Destructive driver turnover is turnover that is initiated by the driver due to dissatisfaction. These are drivers who are leaving the company that you would prefer not to leave. It is destructive because it leads to additional costs and other problems. Drivers may leave for a number of reasons such as pay, lack of home-time, or equipment concerns. When devising driver retention strategies it is these drivers who a company is targeting in an effort to keep them.
An in-depth look at constructive turnover reveals several common reasons that drivers leave a company voluntarily, as well as strategies that will improve the odds of a driver staying with a company. These reasons can be separated into two categories:
First: These issues which initially attracted the driver to your company and where they will be the quickest to choose to leave if their expectations are not being met:
1. Driver pay. A primary incentive that attracts a driver to a company and possibly the number one reason that a driver will leave a company if their expectations are not being met. To keep drivers a company does not need to be the best paying outfit around but the driver pay must be fair and be reasonably in-line with what other area/segment companies are paying. Also, ensure you are meeting your drivers’ expectations as far as miles, as for many drivers there is a direct correlation between miles and income.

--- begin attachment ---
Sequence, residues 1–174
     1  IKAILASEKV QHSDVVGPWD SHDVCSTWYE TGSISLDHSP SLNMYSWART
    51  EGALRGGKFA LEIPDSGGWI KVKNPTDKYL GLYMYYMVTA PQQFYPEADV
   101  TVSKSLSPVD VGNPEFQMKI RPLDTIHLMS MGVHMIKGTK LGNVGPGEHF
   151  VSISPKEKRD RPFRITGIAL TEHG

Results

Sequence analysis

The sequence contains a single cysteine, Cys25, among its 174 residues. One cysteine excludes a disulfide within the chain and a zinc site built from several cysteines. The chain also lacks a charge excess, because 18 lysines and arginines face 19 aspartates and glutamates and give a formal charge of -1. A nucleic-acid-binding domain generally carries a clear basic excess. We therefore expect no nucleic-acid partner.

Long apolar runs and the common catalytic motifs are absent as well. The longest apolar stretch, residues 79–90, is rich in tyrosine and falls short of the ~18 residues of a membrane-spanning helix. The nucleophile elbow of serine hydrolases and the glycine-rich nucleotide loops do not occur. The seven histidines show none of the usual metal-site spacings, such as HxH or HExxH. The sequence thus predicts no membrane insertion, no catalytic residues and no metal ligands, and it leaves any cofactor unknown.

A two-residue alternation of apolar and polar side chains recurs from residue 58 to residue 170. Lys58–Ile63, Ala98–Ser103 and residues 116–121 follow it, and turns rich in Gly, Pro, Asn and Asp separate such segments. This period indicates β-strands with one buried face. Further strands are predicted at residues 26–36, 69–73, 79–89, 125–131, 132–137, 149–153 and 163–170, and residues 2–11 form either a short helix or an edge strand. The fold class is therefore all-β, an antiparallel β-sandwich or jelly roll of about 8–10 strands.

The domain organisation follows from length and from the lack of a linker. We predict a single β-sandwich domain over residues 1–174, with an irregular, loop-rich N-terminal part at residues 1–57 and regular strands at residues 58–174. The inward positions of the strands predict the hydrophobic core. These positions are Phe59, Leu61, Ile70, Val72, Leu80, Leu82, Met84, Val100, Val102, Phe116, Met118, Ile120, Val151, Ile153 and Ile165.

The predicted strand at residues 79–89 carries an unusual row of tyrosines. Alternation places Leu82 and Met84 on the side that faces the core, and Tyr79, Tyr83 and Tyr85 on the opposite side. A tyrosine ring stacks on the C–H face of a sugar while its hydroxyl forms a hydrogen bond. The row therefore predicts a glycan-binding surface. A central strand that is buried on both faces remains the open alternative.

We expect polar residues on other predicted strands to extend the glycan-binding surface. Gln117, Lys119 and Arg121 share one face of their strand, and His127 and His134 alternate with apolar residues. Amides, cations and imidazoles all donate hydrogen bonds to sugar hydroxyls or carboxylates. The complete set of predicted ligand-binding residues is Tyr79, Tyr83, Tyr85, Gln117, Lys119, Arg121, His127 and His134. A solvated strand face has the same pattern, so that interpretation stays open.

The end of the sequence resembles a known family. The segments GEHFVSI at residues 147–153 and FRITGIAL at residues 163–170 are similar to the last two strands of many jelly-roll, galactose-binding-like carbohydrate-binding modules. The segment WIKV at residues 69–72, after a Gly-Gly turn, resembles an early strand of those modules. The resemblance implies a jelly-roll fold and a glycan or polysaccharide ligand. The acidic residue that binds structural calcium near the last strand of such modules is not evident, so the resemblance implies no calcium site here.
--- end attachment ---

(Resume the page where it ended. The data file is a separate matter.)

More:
Strategy: Do a wage survey to find out what other companies are paying their drivers and make adjustments as necessary. Listen carefully to what your drivers are saying with regard to this issue.